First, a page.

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Hiscox

Cyber attacks rise as readiness levels fall

960 640 Stuart O'Brien

A sharp increase in the number and cost of cyber attacks is the key finding in a study of more than 5,400 organisations across seven countries, commissioned by insurer Hiscox.

More than three out of five firms (61 per cent) report one or more attacks in the past year, yet the proportion achieving top scores for their cyber security readiness is marginally down year-on-year.

The Hiscox Cyber Readiness Report 2019 surveyed a representative sample of private and public sector organisations in the US, UK, Belgium, France, Germany, Spain and the Netherlands.

Each firm was assessed on its cyber security strategy and execution, and ranked accordingly. Only 10 per cent achieved high enough marks in both areas to qualify as cyber security ‘experts.’

Among the key findings:

  •    Cyber attacks reach a new intensity:More than three in every five firms (61 per cent) experienced a cyber incident in the past year, up from 45 per cent in the 2018 report. The frequency of attacks also increased. Belgian firms were the most heavily targeted. 
  •    More small and medium-sized firms attacked this year:While larger firms are still the most likely to suffer a cyber attack, the proportion of small firms (defined as those with less than 50 employees) reporting an incident is up from 33 per cent to 47 per cent. Among medium-sized firms (50 to 249 employees) the proportion has leapt from 36 per cent to 63per cent.
  •    Cyber losses soar:Among firms reporting attacks, average losses associated with all cyber incidents have risen from $229,000 last year to $369,000 – an increase of 61 per cent. For large firms with between 250 and 999 employees cyber-related losses now top $700,000 on average compared with $162,000 a year ago. German firms suffered the most, with one reporting a cost for all incidents of $48 million.
  •    More firms fail cyber readiness test:Using a quantitative model to assess firms for their cyber readiness, only one in ten (10 per cent) achieved ‘expert’ status this year, slightly down from 11 per cent in 2018. Nearly three-quarters (74 per cent) ranked as unprepared ‘novices’. There was a sharp drop in the number of larger US and German firms achieving ‘expert’ scores.
  •    Cyber security spending up by a quarter:The average spend on cyber security is now $1.45 million, up 24 per cent on 2018, and the pace of spending is accelerating. The total spend by the 5,400 firms in the survey comes to $7.9 billion. Two-thirds of respondents (67 per cent) plan to increase their cyber security budgets by 5% or more in the year ahead.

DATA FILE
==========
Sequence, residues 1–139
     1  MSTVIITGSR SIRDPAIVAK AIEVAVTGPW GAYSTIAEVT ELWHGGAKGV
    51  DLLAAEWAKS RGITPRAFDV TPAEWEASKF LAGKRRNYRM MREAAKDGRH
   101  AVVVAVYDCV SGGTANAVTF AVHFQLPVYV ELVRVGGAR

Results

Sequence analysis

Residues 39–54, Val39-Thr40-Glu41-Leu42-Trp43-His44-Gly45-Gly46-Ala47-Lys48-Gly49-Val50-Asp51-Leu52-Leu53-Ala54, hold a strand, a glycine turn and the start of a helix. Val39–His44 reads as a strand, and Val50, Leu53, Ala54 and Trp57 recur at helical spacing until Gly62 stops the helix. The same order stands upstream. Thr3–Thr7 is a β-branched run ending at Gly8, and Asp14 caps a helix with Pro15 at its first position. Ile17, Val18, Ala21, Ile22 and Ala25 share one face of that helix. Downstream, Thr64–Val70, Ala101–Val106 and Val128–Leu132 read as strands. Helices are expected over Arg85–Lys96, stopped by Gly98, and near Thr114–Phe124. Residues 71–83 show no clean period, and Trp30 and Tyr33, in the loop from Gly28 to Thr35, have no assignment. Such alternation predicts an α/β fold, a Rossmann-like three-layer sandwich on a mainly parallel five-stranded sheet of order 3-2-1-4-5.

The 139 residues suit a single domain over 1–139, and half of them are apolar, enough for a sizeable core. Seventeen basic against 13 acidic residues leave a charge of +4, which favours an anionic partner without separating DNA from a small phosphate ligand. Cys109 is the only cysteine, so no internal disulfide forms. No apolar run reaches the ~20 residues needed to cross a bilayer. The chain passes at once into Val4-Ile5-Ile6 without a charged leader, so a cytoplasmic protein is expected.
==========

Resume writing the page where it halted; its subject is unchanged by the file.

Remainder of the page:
Gareth Wharton, Hiscox Cyber CEO, said: “This is the third Hiscox Cyber Readiness Report and, for the first time, a significant majority of firms report one or more cyber attacks in the past 12 months. Where hackers formerly focused on larger companies, small and medium-sized firms now look equally vulnerable. 

“The cyber threat has become the unavoidable cost of doing business today.  

“The one positive is that we see more firms taking a structured approach to the problem, with a defined role for managing cyber strategy and an increased readiness to transfer the risk to an insurer by way of a standalone cyber insurance policy.”

The study also shows:

  •    Wide disparity in readiness scores: Overall, US, German and Belgian firms score highest on the cyber readiness model, while more than four-fifths of French firms (81 per cent) are in the ‘novice’ category. Along with the Netherlands, France has the smallest proportion of large and enterprise firms that rank as ‘experts’, at 9per cent.
  •    Cost figures skewed by large incidents: Among firms that were targeted by hackers, there has been a sharp rise in the cost of the biggest single incident reported in the past year. The mean cost has jumped from $34,000 to a fraction under $200,000. 
  •    Supply chain incidents now commonplace: Nearly two-thirds of firms (65 per cent) have experienced cyber-related issues in their supply chain in the past year. Worst affected are technology, media and telecoms (TMT) and transport firms. The majority of firms (54 per cent) now evaluate the security of their supply chains at least once a quarter or on an ad hoc basis.